The annotated filmography also includes a pithy, funny synopsis for each film. For example, “Bridget and the Egg (1911): Bridget attempts to crack open a tough egg by wielding a large axe.” Here’s another, “The Kitchen Maid’s Dream (1907): An overworked kitchen maid fantasizes that she can dismember her own limbs to finish her housework on time.” Last one: “How Bridget Made the Fire (1900): The answer is by blowing herself up.”

Q: These films sound absolutely incredible, but also a bit gruesome. Do you view them all as feminist films? Do they all promote messages of social resistance?

MH: Definitely not, but that’s precisely what makes them so interesting to me. How do we laugh at films when their politics are at best ambiguous, if not explicitly predatory and offensive? One film from 1909, The Suffragette’s Dream, actually ends with the scene of a woman being beaten by her husband as punishment for forgetting to cook dinner because she was having an especially vivid dream about the feminist revolution. You know, women run government, take over the police force and the fire department, while men “crochet for dear life” and inherit the biological capacity to give birth. In a British film, Milling the Militants, the disgruntled husband of a militant suffragette dreams that he becomes Prime Minister and disciplines women for protesting in really awful and humiliating ways, like “milling” or dunking them in a pond as punishment for leading hunger strikes in prison.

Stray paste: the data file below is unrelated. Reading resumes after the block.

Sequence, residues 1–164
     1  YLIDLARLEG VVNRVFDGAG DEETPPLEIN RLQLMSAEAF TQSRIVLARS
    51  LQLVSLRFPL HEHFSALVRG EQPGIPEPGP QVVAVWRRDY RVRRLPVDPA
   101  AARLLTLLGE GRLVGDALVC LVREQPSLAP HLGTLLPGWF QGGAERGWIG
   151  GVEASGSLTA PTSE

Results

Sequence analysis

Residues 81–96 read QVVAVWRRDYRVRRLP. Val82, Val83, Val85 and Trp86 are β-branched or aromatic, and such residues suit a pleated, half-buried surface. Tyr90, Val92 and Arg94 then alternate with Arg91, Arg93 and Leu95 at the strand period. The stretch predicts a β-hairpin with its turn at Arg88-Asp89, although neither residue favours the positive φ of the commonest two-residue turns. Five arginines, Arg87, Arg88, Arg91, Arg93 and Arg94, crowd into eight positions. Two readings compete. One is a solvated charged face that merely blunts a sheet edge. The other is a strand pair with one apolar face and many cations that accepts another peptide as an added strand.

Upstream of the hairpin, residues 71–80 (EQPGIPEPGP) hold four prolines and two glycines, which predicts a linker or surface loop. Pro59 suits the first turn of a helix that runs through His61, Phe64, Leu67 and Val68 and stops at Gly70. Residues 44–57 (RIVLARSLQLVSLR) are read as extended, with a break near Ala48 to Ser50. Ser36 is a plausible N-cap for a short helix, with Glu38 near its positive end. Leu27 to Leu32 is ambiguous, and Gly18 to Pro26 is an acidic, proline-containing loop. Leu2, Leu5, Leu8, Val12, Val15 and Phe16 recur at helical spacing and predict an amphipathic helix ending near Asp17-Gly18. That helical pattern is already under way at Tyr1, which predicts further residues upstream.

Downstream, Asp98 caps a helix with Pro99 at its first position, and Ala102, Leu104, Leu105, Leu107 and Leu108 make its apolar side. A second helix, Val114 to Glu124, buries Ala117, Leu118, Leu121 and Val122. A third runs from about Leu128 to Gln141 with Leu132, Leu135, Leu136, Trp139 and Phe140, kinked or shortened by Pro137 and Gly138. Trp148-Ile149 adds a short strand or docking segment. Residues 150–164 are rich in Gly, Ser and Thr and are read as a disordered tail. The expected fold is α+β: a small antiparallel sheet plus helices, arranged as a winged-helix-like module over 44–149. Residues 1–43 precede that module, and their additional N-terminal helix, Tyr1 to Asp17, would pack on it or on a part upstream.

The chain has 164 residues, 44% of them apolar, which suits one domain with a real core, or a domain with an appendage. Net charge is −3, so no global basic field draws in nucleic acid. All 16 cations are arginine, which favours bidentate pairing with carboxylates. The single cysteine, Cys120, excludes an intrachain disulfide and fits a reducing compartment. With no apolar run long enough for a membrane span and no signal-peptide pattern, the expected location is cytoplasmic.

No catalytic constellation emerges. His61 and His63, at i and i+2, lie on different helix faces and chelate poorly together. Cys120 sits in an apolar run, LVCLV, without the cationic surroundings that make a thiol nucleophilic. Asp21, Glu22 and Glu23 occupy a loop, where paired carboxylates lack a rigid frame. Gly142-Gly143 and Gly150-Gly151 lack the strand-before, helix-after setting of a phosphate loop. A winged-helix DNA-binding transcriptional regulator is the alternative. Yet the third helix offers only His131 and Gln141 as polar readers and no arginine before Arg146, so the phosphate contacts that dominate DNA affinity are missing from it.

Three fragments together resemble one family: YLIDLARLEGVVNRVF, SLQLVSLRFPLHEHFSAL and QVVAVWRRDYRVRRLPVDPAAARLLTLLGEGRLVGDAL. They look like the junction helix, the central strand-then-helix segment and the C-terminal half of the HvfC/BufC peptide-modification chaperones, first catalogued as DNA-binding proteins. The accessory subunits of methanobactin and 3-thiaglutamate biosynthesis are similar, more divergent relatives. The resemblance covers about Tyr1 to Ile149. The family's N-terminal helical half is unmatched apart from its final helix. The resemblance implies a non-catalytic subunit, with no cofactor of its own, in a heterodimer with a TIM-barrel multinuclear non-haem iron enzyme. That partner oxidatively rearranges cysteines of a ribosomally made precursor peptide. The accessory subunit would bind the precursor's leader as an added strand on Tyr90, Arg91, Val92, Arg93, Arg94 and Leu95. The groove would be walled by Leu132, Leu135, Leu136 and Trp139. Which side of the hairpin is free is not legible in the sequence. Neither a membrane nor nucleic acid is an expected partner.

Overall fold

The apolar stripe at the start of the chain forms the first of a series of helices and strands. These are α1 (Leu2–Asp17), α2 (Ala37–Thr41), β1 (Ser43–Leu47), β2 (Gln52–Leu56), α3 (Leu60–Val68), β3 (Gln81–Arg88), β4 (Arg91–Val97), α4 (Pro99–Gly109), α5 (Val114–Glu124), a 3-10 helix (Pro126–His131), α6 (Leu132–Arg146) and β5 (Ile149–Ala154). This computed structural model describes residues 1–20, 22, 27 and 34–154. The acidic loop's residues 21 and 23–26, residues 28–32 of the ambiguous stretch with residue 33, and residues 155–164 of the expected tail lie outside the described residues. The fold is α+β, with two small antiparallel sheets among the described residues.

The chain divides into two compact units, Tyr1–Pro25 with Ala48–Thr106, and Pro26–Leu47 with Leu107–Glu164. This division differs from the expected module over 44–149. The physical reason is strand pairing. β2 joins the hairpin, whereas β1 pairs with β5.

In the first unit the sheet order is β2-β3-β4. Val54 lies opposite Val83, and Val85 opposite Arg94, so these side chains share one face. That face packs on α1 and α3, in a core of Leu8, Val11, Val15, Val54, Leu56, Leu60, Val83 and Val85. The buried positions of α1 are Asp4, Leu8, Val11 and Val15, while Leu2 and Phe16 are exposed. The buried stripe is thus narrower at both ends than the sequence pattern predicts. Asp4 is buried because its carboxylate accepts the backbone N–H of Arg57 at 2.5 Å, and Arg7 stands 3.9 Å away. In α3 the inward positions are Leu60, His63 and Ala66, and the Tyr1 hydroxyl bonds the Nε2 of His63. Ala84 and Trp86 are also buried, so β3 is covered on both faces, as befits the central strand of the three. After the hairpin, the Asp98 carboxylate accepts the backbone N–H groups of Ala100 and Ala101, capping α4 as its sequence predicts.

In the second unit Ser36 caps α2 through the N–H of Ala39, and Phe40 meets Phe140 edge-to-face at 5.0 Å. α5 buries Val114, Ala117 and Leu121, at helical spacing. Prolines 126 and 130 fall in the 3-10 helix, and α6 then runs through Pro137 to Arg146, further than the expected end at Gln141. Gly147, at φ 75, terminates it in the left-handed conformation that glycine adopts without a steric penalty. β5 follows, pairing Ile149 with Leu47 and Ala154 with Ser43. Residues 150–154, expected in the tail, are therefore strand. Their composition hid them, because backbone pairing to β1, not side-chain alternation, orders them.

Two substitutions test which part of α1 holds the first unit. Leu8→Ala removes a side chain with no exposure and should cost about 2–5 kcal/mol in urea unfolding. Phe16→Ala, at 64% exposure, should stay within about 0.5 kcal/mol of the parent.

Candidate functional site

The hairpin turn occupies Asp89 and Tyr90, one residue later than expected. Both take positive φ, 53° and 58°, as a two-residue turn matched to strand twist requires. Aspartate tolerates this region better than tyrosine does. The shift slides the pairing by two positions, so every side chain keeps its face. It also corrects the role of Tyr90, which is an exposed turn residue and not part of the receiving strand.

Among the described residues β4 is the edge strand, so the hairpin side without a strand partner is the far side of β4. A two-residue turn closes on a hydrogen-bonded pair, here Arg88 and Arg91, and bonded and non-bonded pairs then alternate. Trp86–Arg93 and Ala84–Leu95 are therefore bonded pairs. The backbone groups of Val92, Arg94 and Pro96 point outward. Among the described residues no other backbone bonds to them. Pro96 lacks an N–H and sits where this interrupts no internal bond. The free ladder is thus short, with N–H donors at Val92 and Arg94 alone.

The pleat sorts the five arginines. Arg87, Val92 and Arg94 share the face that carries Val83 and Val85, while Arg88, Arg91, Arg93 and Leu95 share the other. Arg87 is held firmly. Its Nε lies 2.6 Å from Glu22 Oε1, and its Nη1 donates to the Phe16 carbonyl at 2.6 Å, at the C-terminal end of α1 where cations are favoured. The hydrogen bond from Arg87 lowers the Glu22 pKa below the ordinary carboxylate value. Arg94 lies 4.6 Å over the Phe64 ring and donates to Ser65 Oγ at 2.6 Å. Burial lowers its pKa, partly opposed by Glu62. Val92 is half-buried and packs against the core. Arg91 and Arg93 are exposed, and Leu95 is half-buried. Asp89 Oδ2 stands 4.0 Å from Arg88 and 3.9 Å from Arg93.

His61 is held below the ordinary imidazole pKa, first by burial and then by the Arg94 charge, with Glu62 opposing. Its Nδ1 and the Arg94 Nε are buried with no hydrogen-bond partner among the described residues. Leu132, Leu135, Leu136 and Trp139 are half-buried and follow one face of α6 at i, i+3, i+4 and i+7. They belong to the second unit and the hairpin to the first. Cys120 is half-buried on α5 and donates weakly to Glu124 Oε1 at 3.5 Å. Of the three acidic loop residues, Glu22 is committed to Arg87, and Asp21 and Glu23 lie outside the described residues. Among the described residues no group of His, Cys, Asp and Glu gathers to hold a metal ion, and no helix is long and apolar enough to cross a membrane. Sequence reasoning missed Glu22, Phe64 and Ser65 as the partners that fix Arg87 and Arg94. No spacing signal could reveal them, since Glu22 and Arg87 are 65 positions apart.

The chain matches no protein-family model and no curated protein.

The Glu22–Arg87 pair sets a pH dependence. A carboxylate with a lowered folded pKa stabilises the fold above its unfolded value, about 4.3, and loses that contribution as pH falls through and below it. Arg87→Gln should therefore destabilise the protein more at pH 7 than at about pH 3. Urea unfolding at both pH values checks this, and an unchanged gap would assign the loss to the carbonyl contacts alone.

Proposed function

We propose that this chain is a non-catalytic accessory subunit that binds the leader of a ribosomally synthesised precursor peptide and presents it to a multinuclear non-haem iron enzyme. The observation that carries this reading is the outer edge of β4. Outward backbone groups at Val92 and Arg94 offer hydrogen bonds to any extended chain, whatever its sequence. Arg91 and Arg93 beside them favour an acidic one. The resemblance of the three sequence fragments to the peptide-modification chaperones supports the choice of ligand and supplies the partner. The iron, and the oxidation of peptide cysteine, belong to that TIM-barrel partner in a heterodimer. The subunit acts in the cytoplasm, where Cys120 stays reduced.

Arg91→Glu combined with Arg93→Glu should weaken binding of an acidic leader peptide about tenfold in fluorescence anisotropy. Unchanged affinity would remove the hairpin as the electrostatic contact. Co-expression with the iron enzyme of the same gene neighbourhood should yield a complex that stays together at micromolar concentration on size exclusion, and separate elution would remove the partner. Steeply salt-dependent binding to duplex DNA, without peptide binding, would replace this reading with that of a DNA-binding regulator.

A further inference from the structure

In our culture today, I think we often don’t know what to do with this type of comedy that has a double or contradictory message. We always want to know the politics of our laughter in advance. But laughter is supposed to be involuntary, and often erupts in response to things that actively confuse us. Most satire can be read both ways, as simultaneously radical or edgy, but also extremely offensive. In other words, the lines between “edgy” and “too far” are always fluid, and we see them being redrawn every day, via #MeToo, Time’s Up, and in response to new revelations of sexual abuse. As a society, we talk a lot about the power politics of laughter, especially this distinction between “punching up” versus “punching down.” For example, Daniel Tosh, a white male comedian, joking about a woman in the audience getting gang raped at an LA comedy club is a very different thing than when feminist writers like Lindy West, or Roxane Gay, or Rebecca Solnit publish humorous think pieces that target rape culture—because one critiques rape (“punches up”) and the other cannibalizes it (“punches down”). But often times the line is not that clear cut, and it takes an enormous amount of nuanced understanding and social context to say just where the punch line falls… On which side of the line? When does satire or slapstick comedy provoke a predatory mode of laughter, and when does it unleash that radical and subversive feeling that could give rise to lasting, progressive social changes? I don’t know.